Fun language fact: in French, whipped cream is called “Chantilly” (pronounced something like “shawn-tee-yee”) because it was supposedly invented, or at least popularized, at the dairy on the Chantilly estate. If you are not into castles, gardens, horses, art, books, or military history, you should go to Chantilly just to have whipped cream at the source. However, if you are like me and you enjoy at least 4 out of those 6 other things, you can skip the whipped cream and have plenty of other stuff to look at instead. Chantilly is the château-turned-museum that was passed down from Anne de Montmorency to Henri II de Montmorency to the Grand Condé (Louis de Bourbon, Prince of Condé), destroyed in the French Revolution, and ultimately rebuilt and donated to the Institut de France by Henri d’Orléans, duc d’Aumale. The Duke insisted that the artwork remain as he had hung it and not be rearranged within the château, sold, or loaned to other museums. So, for instance, if you want to see Raphael’s “Three Graces,” you have to come to Chantilly.

The château also features a library of thousands of printed books, several hundred incunabula, and about 300 medieval manuscripts including Les très riches heures of the Duc du Berry (sadly, only a facsimile of the latter work is displayed in order to preserve the condition of the original). Chantilly also features the Great Stables (the Grand Condé thought he would be reincarnated as a horse, and built accordingly), a hamlet (faux-rustic village as at Versailles) and a Le Nôtre-designed garden. In short, Chantilly checks all my boxes. My only regret is that I didn’t get to spend more time there: 4 hours including a relaxed café lunch with one of our students. I took a good walk through the château and got lots of pictures inside and out, but did not make it to the hamlet and our tickets did not cover the Great Stables. However, as I’ve been telling our students, you have to believe that you will come back and hold some things in reserve for the next trip.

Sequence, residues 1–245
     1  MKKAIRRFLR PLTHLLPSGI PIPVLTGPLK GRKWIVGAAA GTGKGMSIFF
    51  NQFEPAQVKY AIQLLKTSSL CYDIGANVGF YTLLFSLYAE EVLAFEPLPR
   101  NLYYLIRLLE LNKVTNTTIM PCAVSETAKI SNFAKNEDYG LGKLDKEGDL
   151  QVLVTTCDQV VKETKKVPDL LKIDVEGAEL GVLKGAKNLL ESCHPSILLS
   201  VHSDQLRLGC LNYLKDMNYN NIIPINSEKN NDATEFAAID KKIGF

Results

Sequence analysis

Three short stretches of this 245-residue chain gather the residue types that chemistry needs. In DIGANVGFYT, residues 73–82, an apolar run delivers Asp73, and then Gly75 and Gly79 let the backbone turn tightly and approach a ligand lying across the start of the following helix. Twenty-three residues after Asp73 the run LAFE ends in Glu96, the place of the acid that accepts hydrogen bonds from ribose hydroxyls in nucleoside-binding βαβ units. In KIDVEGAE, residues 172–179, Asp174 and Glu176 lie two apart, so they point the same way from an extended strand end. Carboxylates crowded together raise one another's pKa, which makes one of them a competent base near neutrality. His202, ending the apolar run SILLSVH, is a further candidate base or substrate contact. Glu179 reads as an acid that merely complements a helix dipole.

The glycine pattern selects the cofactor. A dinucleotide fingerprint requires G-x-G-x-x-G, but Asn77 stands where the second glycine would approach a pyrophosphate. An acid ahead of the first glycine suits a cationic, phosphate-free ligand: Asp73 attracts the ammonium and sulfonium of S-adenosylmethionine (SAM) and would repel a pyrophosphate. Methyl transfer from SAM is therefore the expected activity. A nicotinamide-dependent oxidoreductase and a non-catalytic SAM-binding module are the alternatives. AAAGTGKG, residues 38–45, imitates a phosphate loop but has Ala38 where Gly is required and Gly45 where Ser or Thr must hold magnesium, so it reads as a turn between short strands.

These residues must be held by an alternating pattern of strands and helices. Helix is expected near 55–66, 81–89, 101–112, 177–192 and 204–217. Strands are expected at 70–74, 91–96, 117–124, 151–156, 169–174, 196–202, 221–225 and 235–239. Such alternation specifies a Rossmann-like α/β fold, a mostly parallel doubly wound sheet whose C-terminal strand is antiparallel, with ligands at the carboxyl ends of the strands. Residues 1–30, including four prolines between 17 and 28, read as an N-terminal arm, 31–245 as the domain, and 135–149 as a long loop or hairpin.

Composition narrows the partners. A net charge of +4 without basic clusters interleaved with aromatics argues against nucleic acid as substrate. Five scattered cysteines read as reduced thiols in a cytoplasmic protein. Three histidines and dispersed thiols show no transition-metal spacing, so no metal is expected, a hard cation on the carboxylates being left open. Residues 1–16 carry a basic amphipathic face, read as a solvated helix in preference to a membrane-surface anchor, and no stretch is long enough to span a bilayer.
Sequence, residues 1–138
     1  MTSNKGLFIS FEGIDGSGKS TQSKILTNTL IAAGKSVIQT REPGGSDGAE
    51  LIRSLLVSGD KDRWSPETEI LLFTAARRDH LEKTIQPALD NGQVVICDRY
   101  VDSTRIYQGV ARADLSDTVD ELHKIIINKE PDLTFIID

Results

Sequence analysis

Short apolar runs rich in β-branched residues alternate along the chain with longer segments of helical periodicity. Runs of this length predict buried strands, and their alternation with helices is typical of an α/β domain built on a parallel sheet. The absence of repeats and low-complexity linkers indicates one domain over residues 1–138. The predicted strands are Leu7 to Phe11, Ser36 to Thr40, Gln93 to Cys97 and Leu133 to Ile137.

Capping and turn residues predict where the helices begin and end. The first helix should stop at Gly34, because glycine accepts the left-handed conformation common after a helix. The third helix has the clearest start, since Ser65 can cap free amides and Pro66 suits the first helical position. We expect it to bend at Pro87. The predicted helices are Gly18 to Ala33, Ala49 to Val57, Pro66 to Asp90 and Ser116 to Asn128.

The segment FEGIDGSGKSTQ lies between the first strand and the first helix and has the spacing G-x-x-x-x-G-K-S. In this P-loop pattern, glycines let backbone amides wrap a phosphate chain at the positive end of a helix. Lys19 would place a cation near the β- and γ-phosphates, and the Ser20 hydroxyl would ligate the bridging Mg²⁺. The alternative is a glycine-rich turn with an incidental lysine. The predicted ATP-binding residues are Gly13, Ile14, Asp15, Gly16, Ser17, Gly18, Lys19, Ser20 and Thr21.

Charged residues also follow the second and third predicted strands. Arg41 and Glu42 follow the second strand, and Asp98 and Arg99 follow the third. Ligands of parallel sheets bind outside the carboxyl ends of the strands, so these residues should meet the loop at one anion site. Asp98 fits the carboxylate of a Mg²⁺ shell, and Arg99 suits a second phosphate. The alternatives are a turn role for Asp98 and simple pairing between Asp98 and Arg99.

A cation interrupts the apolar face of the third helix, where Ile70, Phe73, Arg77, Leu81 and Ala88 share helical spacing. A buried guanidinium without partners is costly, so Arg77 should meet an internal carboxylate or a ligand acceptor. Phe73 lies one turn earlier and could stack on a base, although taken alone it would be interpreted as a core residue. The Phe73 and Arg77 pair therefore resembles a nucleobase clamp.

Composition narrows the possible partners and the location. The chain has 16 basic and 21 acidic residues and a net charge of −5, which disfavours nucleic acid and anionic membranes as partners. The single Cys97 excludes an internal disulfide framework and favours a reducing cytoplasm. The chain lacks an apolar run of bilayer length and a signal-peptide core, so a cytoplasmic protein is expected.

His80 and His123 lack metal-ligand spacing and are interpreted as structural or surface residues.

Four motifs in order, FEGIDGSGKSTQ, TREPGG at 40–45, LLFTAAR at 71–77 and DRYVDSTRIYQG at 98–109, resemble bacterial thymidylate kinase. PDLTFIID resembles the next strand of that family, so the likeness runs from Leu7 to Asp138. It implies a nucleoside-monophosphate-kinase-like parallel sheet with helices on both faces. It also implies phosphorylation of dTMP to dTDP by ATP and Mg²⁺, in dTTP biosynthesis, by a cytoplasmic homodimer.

So . . . who wants to see some photos? Click through! Actually, get a sandwich and then click through. There are a LOT of pictures.

The château as you walk up to it from the entry gate

It was overcast when we arrived.

Anyone who has been to Versailles will recognize Le Nôtre’s work when they see it.

Another view of the garden

This is the side of the château from which visitors enter.

Dog butt!
(Downton Abbey joke, sorry.)
(Not sorry.)

You can tell that the château was used as a hunting lodge.

Arms of the Duc d’Aumale

The Duke’s monogram (H O for Henri d’Orléans) is everywhere.

The library is beautiful!

2 volumes of this polyglot Bible were on display.

Frontispiece to one of the Bible volumes

Page from another Bible volumes showing the 4 languages in which it is printed.

Another view of the library

Will Madam require a reading chair? Yes. Yes, she will.